Alberta government spending way too much

So the government of Alberta has its first deficit in 15 years and expects at least two more. Estimates of the budget deficit vary with the latest at about $4 billion.

So the government of Alberta has its first deficit in 15 years and expects at least two more. Estimates of the budget deficit vary with the latest at about $4 billion.

The deficit is a shock for two reasons: Albertans believed Ralph Klein when he promised that deficits were dead; and the province is awash in cash.

Government spending and deficits are a big deal in Alberta, much more so than in any other province and certainly a bigger deal than with those flagrant spenders in Ottawa. Deficit-fighting rejuvenated the moribund Conservative Party in 1993, helped define Ralph Klein’s only legacy, became the focus of the 1993 election, and was the essence of a political agenda for almost a decade.

Like most Albertans, I thought the Conservative government was long past deficit problems. Klein and Jim Dinning repeated endlessly that deficits had been the outcome of high spending rather than lower revenues. Through prudent fiscal management and controlled spending, they promised deficits would be history.

Premier Ed Stelmach’s people weren’t listening. Now they’re blaming the people they wouldn’t listen to.

Treasury Board President Lloyd Snelgrove insists that the current deficit is the result of a decade of over-spending and public demand for higher spending.

Politicians being politicians, they gave the people what they wanted.

It must be noted that Stelmach has been in the Conservative caucus since the beginning of the Klein regime in 1993 and Lloyd Snelgrove since 2001 and I don’t recall either going public with complaints of excessive spending.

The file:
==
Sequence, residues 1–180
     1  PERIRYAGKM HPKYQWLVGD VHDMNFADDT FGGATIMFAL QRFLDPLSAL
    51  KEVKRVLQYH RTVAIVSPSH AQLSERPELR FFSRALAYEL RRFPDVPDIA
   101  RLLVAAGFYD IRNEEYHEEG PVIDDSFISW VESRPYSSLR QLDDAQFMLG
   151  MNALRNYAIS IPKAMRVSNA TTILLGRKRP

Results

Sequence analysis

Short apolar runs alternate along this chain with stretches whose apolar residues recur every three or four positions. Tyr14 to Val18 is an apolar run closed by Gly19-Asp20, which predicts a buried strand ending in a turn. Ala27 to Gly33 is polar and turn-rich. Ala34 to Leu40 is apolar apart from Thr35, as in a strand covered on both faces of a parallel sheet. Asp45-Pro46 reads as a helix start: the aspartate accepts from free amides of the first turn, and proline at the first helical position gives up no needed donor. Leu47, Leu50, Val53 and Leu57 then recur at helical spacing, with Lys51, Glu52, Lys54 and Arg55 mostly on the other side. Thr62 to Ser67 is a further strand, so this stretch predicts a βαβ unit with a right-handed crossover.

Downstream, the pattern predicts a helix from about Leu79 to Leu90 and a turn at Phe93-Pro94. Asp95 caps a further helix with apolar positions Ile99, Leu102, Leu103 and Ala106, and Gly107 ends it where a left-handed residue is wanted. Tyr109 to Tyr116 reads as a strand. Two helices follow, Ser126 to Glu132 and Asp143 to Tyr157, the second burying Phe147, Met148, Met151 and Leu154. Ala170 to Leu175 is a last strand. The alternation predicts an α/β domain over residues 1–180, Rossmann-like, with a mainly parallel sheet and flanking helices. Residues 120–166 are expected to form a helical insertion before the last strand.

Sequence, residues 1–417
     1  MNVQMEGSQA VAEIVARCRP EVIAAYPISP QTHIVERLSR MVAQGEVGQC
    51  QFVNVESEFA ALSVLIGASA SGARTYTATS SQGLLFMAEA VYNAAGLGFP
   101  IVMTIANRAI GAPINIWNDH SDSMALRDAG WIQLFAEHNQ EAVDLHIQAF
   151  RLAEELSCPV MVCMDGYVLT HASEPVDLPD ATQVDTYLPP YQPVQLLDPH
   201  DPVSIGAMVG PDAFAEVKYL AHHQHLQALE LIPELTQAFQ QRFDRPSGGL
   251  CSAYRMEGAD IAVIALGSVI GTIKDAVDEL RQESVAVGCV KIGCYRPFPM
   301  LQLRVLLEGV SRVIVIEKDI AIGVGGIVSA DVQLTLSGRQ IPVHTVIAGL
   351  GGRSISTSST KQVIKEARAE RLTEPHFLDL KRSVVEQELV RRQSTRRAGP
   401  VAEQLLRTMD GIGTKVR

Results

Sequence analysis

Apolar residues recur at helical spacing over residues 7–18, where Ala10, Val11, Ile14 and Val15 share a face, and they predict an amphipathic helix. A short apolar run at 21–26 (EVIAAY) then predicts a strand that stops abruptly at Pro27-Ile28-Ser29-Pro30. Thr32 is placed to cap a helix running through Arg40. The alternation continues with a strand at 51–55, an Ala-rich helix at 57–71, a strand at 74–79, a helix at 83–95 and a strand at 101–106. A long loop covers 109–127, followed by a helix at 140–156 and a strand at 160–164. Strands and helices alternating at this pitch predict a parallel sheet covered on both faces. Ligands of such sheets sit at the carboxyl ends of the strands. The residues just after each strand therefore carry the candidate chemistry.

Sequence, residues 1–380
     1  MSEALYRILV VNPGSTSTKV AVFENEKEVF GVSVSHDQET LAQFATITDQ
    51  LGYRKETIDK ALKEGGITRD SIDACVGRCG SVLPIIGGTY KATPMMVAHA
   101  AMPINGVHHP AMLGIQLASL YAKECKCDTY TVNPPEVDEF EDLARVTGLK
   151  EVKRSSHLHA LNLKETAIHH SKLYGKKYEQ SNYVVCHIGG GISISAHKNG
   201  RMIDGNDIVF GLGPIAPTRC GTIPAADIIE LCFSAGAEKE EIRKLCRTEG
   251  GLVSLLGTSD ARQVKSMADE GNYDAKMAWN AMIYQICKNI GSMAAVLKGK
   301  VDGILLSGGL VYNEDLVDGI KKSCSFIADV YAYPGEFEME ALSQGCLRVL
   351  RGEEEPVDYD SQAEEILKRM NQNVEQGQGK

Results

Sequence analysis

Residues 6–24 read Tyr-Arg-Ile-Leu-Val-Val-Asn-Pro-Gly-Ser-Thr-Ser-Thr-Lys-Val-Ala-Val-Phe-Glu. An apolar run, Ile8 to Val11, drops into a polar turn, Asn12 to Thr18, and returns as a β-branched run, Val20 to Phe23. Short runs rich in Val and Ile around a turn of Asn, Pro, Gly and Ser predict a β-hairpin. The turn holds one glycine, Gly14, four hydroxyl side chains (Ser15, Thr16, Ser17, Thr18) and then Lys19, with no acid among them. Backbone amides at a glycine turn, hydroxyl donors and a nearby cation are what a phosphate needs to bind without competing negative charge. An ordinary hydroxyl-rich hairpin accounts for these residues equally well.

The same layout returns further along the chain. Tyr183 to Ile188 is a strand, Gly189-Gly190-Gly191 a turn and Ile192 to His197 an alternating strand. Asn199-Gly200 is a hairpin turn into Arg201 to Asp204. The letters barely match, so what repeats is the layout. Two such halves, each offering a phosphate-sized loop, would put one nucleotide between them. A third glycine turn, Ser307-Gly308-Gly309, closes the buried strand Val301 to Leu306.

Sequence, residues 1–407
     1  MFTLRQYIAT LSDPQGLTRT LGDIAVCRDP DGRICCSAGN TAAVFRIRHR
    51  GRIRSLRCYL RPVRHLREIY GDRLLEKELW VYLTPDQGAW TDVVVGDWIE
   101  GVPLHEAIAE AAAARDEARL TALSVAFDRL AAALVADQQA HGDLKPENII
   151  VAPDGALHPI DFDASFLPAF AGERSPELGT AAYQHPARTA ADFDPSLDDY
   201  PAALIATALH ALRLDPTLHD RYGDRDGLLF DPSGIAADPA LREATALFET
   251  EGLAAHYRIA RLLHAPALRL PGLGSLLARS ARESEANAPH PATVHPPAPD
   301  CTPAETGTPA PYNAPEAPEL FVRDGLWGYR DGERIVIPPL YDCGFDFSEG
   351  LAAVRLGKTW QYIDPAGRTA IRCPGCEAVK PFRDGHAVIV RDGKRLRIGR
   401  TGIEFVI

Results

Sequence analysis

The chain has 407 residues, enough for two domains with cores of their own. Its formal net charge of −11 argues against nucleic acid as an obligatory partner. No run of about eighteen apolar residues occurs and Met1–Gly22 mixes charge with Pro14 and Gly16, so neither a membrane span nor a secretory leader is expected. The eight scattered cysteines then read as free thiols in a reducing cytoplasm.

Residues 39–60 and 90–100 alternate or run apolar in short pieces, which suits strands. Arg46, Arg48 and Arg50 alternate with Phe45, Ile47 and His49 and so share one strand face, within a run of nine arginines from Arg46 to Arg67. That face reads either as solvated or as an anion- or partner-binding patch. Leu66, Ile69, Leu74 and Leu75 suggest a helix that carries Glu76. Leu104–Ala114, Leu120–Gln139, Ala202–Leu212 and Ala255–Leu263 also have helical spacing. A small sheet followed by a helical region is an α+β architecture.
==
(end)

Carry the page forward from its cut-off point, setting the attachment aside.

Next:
In his blog, Education Minister David Hancock took a different approach: “I am tempted to ask what we should have not invested in.” The short answer to Hancock is that the government should not have invested in anything it could not afford.

That’s what the politicians say. What does the budget say? It says the government of Alberta has had a fiscal management problem for over a decade that has led to chronic over-spending.

Budget documents tell the story. They say that the elastic came off the wallet when those self-proclaimed fiscal conservatives Stockwell Day and Steve West were provincial treasurers from 1997 to 2001.

Spending under their watch rose almost 50 per cent in four budgets. By the time Ralph Klein retired five years later in 2006, spending had increased another 50 per cent. Stelmach is continuing the trend, increasing spending almost 30 per cent in three years.

What happened? First, politics is all about re-election. It re-election means reckless spending, so be it. Try to imagine a Conservative MLA trying to explain to a voter why he couldn’t get money or a local project when the government has tons of money. Second, year after year the Conservatives were unable to stick to a fiscal plan, whether an annual plan or a multi-year plan. They’d bring in a reasonable budget plan, pass it through the Legislative Assembly – and then go on a spending spree far in excess of what the budget stipulated. After 1997, when Provincial Treasurer Jim Dinning retired, the Conservative Government under Ralph Klein exceeded its annual spending targets in nine of 10 budgets. The numbers are not trivial. Spending beyond budget targets totalled over $10 billion in 10 years.

The Stelmach government is more straightforward.

It simply increased spending by more than $8 billion over three budgets, or up almost 30 per cent.

Incredibly, deficit spending is back. If energy prices don’t recover, deficits may last longer than anyone expects. Who would have believed it?

Rich Vivone covered Alberta politics for 19 years. His book – Ralph Could Have Been a Superstar: Tales of the Klein Era – is currently an Alberta bestseller.

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